Deportations will achieve little except to help big countries hide from their responsibilities
The policy of deporting criminals who have barely any connection with the kingdom to Tonga is cruel, cowardly and highly dangerous.
The latest person to face deportation from Australia is Sedeli Huakau Taualii, 44, who left Tonga as a 20 month old infant in 1976.
He may have little memory of the islands. He is, to all intents and purposes, an Australian. Whether he has any relatives left in Tonga who would take him in or whether he speaks Tongan or knows anything of Tongan culture is not known.
As Kaniva News reported on Friday, he had a visa, but this was cancelled in 2016 after he was jailed for six years for armed robbery. He has been a member of a number of violent bikie gangs notorious for their involvement in drugs and crime.
Section 501 of the Australian Migration Act allows the government to deport people who fail character tests.
Nobody can say that Taualii will do anything but lead a respectable, reformed life in Tonga.
However, all the evidence says that criminals deported to Tonga from Australia, New Zealand and the United States have an extremely hard time fitting in and have contributed to the explosion of drug-related crime.
Between 2014-2019, 400 people with criminal records were deported from New Zealand to the Pacific islands.
Massey University researcher Jose Luis Sousa-Santos told Newsroom it was “irresponsible” of New Zealand to deport young people who had lived in New Zealand most of their life, and expect them to reintegrate.
The same situation has occurred in New Zealand to which many bikies have been deported from Australia.
New Zealand police have reported an increase in violent gang-related crime
New Zealand Police Association president Chris Cahill said many of the bikies sent to New Zealand had spent their lives in Australia and had few ties to the country.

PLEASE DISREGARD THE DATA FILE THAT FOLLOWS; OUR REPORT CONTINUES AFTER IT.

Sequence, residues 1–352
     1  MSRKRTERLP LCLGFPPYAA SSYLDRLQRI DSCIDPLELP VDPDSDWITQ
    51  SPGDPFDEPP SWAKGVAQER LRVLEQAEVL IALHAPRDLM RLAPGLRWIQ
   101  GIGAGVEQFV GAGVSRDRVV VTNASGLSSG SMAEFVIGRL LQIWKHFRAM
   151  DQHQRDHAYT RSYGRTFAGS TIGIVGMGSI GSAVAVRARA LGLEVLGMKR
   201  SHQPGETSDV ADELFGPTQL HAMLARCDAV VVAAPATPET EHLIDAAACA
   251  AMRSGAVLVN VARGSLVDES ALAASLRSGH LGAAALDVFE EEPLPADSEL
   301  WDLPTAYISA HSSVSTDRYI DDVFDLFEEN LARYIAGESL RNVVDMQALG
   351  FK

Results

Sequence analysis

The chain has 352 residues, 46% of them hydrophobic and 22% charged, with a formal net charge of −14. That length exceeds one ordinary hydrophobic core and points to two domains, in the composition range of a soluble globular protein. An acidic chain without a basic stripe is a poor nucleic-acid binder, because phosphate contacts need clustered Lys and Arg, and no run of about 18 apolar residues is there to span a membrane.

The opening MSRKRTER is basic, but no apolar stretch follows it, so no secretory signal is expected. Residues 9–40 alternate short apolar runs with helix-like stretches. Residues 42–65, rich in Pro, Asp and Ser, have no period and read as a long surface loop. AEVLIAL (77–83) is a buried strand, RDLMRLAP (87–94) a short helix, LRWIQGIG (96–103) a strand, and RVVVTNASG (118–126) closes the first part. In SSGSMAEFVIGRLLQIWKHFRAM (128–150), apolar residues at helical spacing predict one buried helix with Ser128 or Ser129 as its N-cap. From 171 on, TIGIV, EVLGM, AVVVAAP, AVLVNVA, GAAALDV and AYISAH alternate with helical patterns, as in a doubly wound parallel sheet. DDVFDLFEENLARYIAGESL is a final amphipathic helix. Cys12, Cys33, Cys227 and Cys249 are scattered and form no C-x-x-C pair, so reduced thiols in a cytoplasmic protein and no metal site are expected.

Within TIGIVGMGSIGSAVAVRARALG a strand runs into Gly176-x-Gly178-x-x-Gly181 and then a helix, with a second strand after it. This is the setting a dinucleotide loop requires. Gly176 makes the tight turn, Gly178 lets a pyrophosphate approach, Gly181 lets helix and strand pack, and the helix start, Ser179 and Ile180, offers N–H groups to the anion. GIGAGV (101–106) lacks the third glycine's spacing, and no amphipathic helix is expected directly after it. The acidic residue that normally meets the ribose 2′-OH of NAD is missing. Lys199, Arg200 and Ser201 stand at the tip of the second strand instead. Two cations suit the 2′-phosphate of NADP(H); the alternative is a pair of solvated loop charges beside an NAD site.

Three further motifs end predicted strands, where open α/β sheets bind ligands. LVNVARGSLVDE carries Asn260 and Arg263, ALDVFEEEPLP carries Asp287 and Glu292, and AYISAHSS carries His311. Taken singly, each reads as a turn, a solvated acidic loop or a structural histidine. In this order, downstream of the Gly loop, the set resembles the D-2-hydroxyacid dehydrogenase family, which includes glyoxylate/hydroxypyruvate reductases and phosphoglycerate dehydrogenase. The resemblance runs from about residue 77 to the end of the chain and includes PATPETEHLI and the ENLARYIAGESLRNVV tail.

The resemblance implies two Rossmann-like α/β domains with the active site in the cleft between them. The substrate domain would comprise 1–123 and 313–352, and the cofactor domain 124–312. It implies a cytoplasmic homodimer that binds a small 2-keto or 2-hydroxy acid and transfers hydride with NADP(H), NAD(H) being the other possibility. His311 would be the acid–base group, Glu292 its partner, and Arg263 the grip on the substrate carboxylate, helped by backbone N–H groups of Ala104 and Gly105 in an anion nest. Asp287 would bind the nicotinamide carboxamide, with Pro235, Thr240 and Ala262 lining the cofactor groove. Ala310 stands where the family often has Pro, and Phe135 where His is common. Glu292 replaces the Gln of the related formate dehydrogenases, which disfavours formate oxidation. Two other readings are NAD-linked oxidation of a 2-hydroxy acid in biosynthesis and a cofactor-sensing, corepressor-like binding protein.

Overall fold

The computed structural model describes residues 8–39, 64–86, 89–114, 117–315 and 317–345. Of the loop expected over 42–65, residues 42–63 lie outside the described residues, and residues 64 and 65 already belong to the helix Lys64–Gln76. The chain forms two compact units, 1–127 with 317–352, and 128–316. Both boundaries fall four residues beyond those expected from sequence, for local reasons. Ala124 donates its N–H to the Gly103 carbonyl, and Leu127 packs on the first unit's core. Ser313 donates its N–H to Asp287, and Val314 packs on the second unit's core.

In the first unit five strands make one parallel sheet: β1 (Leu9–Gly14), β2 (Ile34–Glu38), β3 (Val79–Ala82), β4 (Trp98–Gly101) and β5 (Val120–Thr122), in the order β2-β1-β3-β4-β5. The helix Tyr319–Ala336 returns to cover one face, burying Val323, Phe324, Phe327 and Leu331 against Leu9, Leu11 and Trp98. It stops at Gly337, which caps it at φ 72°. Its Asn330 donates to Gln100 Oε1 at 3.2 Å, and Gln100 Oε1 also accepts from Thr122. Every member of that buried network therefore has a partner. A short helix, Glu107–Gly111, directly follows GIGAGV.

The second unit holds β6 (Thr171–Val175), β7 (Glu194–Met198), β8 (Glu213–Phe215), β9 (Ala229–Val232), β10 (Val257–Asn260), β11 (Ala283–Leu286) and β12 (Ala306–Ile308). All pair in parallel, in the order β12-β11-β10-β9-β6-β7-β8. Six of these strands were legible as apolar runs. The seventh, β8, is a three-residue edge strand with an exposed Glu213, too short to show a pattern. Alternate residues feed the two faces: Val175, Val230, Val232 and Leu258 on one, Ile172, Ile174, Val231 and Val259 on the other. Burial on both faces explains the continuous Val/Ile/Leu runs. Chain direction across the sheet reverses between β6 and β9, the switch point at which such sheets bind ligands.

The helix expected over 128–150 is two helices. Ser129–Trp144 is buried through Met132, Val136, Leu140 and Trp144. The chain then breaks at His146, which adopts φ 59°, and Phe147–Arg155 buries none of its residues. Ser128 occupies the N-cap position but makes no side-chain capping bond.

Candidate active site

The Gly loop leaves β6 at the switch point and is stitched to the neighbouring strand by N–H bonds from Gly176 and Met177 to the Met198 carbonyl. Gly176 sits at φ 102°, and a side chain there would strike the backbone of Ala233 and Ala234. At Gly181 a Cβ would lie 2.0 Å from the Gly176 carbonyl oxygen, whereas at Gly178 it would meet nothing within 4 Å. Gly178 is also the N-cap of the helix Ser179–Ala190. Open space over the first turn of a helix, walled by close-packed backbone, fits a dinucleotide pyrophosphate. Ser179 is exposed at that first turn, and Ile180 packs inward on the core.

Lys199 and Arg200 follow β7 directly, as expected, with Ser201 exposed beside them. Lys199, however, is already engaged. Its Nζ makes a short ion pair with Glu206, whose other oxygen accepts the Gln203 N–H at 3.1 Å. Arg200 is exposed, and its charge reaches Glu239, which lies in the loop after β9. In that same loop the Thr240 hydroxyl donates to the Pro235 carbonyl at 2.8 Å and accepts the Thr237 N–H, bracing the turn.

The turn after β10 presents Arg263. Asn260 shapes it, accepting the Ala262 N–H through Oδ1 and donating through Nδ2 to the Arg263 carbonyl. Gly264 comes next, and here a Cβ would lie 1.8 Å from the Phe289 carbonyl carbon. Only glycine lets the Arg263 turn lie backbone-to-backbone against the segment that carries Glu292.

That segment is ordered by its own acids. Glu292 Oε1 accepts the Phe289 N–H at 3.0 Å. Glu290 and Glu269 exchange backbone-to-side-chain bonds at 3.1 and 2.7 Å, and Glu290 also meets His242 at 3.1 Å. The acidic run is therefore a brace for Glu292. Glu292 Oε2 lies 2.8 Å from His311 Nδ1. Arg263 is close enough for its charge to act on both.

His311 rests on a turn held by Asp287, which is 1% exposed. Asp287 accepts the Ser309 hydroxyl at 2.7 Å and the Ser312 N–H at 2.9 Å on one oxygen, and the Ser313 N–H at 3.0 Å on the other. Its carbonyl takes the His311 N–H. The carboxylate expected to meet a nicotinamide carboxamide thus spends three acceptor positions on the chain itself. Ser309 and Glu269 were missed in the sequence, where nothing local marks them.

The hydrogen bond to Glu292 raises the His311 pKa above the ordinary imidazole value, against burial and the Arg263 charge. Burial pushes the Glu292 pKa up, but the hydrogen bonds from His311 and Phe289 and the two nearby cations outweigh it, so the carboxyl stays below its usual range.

“The only links they’ve got (here) are straight back into gangs. The public are now seeing the problems they’re causing,” he said.
Deputy Prime Minister Winston Peters has called Australia’s deportation policy “a festering sore” and said New Zealand taxpayers should not be expected to pay for keeping criminals in the country.
Tongan taxpayers doubtless feel the same way.
Deporting criminals who have almost no knowledge of the islands to which they are being sent is simply cruel. If they don’t know the culture or the language there is little hope of rehabilitation and so sending them to Tonga is pointless.
All deportations do is to allow Australia – and New Zealand and the United States, for that matter – to polish up their crime statistics while dumping the problem on countries least equipped to deal with it.
Years of intelligence work by international police forces show that the Central Pacific is now a major gateway for drugs from South America on their way to New Zealand and Australia. Whether in Toga, Fiji or Samoa, the international drug lords and their local minions pose a threat.
Concentrating large numbers of criminals who often already have records of being involved in the drug trade would appear to be, in the long term, highly dangerous not just to the islands, but to Australia and New Zealand, which are the target of the South American cartels.
If the deportees grew up to be violent thugs while living in Australia, New Zealand or the United States, it is up to the governments of those countries to realise that their societies failed these young men and it is up to them to rehabilitate them.
To ignore that responsibility and to use islands with which they have barely any connection as a human rubbish dump is simply cowardly.
The main points
- The policy of deporting criminals who have barely any connection with the kingdom to Tonga is cruel, cowardly and highly dangerous.
- The latest person to face deportation from Australia is Sedeli Huakau Taualii, 44, who left Tonga as a 20 month old infant in 1976.